Tuesday, January 22, 2019

GWPF Newsletter - ‘Secret’ Pentagon Report: Climate Catastrophe Due Next Year








New Science Scandal Rocks Climate Research

In this newsletter:

1) ‘Secret’ Pentagon Report: Climate Catastrophe Due Next Year
Paul Matthews, Climate Scepticism, 18 January 2019
 
2) New Science Scandal Rocks Climate Research
Paul Homewood, Not A Lot Of People Know That, 20 January 2019


 
3) We Have A Winner: Climate’s Tallest Tale 2018
GWPF, 18 January 2019
 
4) The US Strikes Back Against Russia’s European Gas Empire
The Daily Signal, 19 January 2019
 
5) And Finally: Greenpeace’s Diesel Warrior 
Gaia Fawkes, 21 January 2019


Full details:

1) ‘Secret’ Pentagon Report: Climate Catastrophe Due Next Year
Paul Matthews, Climate Scepticism, 18 January 2019


Is it not rather worrying that the defence of the USA is in the hands of people who produce such garbage?

A classic from the Guardian/Observer archives, from February 2004:



The article is so absurd that it hardly needs any commentary. After explaining that Britain will be Siberian by next year according to a suppressed report, it goes on to claim that the ‘findings’ of the report will embarrass the climate-denying president:

The findings will prove humiliating to the Bush administration, which has repeatedly denied that climate change even exists. Experts said that they will also make unsettling reading for a President who has insisted national defence is a priority.

The report was commissioned by influential Pentagon defence adviser Andrew Marshall, who has held considerable sway on US military thinking over the past three decades. He was the man behind a sweeping recent review aimed at transforming the American military under Defence Secretary Donald Rumsfeld.

Climate change ‘should be elevated beyond a scientific debate to a US national security concern’, say the authors, Peter Schwartz, CIA consultant and former head of planning at Royal Dutch/Shell Group, and Doug Randall of the California-based Global Business Network.

An imminent scenario of catastrophic climate change is ‘plausible and would challenge United States national security in ways that should be considered immediately’, they conclude. As early as next year widespread flooding by a rise in sea levels will create major upheaval for millions.


Later on we are told more details of the catastrophes that will occur by 2020:

Already, according to Randall and Schwartz, the planet is carrying a higher population than it can sustain. By 2020 ‘catastrophic’ shortages of water and energy supply will become increasingly harder to overcome, plunging the planet into war. They warn that 8,200 years ago climatic conditions brought widespread crop failure, famine, disease and mass migration of populations that could soon be repeated.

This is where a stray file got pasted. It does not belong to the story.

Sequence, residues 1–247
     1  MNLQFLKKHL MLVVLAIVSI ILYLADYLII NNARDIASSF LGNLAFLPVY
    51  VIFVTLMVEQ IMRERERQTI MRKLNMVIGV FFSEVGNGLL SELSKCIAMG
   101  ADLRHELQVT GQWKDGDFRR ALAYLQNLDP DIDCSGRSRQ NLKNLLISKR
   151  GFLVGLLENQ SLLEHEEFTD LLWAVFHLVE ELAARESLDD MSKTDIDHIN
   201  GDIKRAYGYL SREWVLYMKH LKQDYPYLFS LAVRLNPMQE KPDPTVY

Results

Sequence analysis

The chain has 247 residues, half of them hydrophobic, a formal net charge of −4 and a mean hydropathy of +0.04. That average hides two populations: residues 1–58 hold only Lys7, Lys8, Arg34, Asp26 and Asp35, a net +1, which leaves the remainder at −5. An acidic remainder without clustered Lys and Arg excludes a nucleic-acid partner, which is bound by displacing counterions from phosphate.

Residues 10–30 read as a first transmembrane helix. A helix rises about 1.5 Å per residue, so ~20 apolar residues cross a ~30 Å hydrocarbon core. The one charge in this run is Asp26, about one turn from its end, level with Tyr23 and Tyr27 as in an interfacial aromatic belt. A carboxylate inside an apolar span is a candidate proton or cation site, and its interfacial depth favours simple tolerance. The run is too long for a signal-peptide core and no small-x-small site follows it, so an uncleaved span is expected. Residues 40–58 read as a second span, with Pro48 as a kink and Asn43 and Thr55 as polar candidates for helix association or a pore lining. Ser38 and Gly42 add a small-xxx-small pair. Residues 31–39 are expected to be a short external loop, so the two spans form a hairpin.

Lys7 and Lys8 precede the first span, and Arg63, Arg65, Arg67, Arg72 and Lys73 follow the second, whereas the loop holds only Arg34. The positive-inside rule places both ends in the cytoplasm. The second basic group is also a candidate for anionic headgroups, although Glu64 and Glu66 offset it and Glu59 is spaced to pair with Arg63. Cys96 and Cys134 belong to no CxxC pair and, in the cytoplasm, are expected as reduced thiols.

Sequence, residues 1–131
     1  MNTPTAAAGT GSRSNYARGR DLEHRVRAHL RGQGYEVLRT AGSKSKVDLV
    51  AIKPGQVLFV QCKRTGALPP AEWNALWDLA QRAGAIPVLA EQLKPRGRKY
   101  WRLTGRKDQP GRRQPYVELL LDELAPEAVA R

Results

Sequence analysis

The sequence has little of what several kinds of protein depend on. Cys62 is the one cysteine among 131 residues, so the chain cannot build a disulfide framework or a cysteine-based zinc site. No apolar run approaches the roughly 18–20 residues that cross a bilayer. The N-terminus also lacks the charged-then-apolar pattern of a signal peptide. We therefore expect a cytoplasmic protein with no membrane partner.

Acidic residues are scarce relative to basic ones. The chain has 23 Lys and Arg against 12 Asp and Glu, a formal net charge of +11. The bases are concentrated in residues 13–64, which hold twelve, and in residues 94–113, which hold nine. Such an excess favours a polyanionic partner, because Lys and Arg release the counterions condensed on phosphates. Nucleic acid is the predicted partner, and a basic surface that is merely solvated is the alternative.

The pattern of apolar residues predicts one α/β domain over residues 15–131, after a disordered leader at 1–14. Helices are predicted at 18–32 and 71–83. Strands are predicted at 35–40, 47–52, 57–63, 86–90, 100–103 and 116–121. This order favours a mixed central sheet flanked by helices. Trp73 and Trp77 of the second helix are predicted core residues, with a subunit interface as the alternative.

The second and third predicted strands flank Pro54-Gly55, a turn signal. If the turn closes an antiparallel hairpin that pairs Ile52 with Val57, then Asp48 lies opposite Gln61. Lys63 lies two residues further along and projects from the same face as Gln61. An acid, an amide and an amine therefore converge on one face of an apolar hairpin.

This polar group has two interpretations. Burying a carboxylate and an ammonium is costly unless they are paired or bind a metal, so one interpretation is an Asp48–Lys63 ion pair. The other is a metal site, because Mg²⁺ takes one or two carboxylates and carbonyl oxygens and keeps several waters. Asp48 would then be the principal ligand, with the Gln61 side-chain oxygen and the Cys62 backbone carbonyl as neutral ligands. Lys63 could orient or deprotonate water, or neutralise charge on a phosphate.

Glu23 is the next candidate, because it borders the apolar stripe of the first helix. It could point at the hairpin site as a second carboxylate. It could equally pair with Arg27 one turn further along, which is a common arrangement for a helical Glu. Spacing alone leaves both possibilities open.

Randall told The Observer that the potential ramifications of rapid climate change would create global chaos. ‘This is depressing stuff,’ he said. ‘It is a national security threat that is unique because there is no enemy to point your guns at and we have no control over the threat.’

Randall added that it was already possibly too late to prevent a disaster happening. ‘We don’t know exactly where we are in the process. It could start tomorrow and we would not know for another five years,’ he said.


Of course the authors of the report, Randall and Schwartz, aren’t climate scientists. But their report gets the glowing endorsement of two leading UK climate scientists — Sir John Houghton, former boss of the Met Office and IPCC co-chair, and former IPCC chair Bob Watson:

Sir John Houghton, former chief executive of the Meteorological Office – and the first senior figure to liken the threat of climate change to that of terrorism – said: ‘If the Pentagon is sending out that sort of message, then this is an important document indeed.’

Bob Watson, chief scientist for the World Bank and former chair of the Intergovernmental Panel on Climate Change, added that the Pentagon’s dire warnings could no longer be ignored.

‘Can Bush ignore the Pentagon? It’s going be hard to blow off this sort of document. Its hugely embarrassing. After all, Bush’s single highest priority is national defence. The Pentagon is no wacko, liberal group, generally speaking it is conservative. If climate change is a threat to national security and the economy, then he has to act. There are two groups the Bush Administration tend to listen to, the oil lobby and the Pentagon,’ added Watson.


Hugely embarrassing indeed, but for Watson, not Bush. Why would a senior scientist like Bob Watson say that a report claiming global catastrophe by 2020 is non-wacko and should be taken seriously? Well there’s a hint that politics may be a factor, later on in the article:

So dramatic are the report’s scenarios, Watson said, that they may prove vital in the US elections. Democratic frontrunner John Kerry is known to accept climate change as a real problem. Scientists disillusioned with Bush’s stance are threatening to make sure Kerry uses the Pentagon report in his campaign.

The fact that Marshall is behind its scathing findings will aid Kerry’s cause. Marshall, 82, is a Pentagon legend who heads a secretive think-tank dedicated to weighing risks to national security called the Office of Net Assessment. Dubbed ‘Yoda’ by Pentagon insiders who respect his vast experience, he is credited with being behind the Department of Defence’s push on ballistic-missile defence.